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              We have no meaningful idea of what intelligence and levels of it really are AFAIK.

              I like this definition: “Ability to accomplish goals, divided by the resources needed.” Where resources can be money, time, computational power, etc. I don’t remember where I read that definition.

              So, for example, if two similar people are given $1,000 and told to use that money in aid of making as many unique people smile as possible in only one day, then on average, the more intelligent person will make more people smile. Because they will figure out better ways of chunking the money to give to people, or ways of distributing the labor, or will be faster at researching agencies to do this work, or something I haven’t thought of.

              What would it mean for an intelligence to be 100x smarter than a human? … Exactly what would it be able to do that an ordinary person can’t do?

              Here are some feats that I think might be doable by an entity with far more intelligence than humans:

              • Make scientific discoveries much quicker. Such as inventing twice-as-fast processors for itself after running for only a week. Or figuring out a design for solar cells that cost half the money after running for a month.
              • Persuade and manipulate people with a high rate of success, by using everything it knows about the person to understand their motivations and how to approach them to gain their trust.
              • Play the stock market with a high average return on investment.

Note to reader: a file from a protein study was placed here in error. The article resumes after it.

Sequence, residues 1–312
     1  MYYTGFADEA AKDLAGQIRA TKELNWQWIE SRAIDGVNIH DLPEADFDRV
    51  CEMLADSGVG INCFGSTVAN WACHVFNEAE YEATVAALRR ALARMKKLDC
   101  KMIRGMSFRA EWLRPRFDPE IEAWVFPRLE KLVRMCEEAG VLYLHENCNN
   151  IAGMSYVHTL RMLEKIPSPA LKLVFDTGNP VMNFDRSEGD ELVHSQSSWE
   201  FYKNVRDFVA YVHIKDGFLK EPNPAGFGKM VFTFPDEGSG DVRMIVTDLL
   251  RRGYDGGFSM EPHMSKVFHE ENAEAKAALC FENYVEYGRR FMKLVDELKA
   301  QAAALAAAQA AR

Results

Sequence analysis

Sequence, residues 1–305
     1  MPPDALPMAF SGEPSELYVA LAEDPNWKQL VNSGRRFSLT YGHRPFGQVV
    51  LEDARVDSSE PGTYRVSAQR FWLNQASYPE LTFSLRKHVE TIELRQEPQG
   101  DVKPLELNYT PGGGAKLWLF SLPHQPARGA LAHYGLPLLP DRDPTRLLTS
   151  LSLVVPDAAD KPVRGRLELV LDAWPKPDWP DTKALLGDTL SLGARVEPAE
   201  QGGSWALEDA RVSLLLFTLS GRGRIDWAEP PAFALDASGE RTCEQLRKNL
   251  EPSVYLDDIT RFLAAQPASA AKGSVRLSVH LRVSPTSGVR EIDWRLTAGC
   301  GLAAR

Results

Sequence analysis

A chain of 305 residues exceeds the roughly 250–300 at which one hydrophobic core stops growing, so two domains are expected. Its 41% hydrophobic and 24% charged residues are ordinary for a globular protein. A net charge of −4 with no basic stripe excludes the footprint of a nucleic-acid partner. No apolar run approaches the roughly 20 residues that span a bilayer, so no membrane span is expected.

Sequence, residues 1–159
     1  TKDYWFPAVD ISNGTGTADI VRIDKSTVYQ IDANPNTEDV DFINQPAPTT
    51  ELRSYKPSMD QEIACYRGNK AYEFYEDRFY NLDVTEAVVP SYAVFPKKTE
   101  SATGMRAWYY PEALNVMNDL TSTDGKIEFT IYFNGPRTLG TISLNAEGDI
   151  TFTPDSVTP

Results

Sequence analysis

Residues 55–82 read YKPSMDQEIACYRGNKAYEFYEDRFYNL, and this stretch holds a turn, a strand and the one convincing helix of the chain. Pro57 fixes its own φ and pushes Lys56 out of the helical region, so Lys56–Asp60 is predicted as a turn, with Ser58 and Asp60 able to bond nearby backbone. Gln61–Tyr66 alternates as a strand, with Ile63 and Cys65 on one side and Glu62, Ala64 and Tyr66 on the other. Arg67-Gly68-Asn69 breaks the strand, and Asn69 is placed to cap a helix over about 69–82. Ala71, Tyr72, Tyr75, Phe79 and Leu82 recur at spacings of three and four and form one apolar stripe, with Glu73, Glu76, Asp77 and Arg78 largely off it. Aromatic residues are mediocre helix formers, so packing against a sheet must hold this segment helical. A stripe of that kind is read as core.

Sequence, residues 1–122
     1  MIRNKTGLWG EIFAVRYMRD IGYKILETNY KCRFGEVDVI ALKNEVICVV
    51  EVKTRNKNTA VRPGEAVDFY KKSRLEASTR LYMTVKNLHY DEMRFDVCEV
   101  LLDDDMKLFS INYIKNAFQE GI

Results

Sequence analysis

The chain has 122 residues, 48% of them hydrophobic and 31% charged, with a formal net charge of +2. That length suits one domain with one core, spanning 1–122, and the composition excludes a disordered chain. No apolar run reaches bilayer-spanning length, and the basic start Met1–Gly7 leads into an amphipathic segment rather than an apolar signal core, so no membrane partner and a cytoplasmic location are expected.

• Make complex, long-term plans with enough detail that they are still likely to succeed despite their complexity. Plans for goals like overthrowing a country’s government while minimizing violence, or solving world hunger with steps that people will actually be incentivized to carry out.
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                I remembered where I read that definition of intelligence: in Facing the Intelligence Explosion – Playing Taboo with “Intelligence”.

                Intelligence = (optimization power) / (resources used)
                

                This definition sees intelligence as efficient cross-domain optimization. Intelligence is what allows an agent to steer the future, a power that is amplified by the resources at its disposal.

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                We have no meaningful idea of what intelligence and levels of it really are AFAIK. How would you measure that?

                There is Universal Intelligence Measure and its realization as practical test, AIQ. You can argue whether AIQ is measuring the right thing, but AIQ is 1. completely well-defined 2. measurable in practice 3. somewhat plausible as a measurement of intelligence.

                http://www.vetta.org/2011/11/aiq/

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                  We have no meaningful idea of what intelligence and levels of it really are AFAIK.

                  Well, there’s a large body of work describing in many forms. The problem is all this together doesn’t seem to go anywhere far enough to really characterize intelligence. So it seems pretty definite that there’s something there, it fits some description but we face a barrier in describing what it is. But how “thick” is that barrier? Our ignorance leaves us not know that either.

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                  ‘In our world, smart means a 130 IQ and stupid means an 85 IQ—we don’t have a word for an IQ of 12,952.’

                  Yes we do: nonsensical.

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                    I’m really surprised that the response here has been overwhelmingly negative. I find Tim’s writing very enjoyable, even if speculative.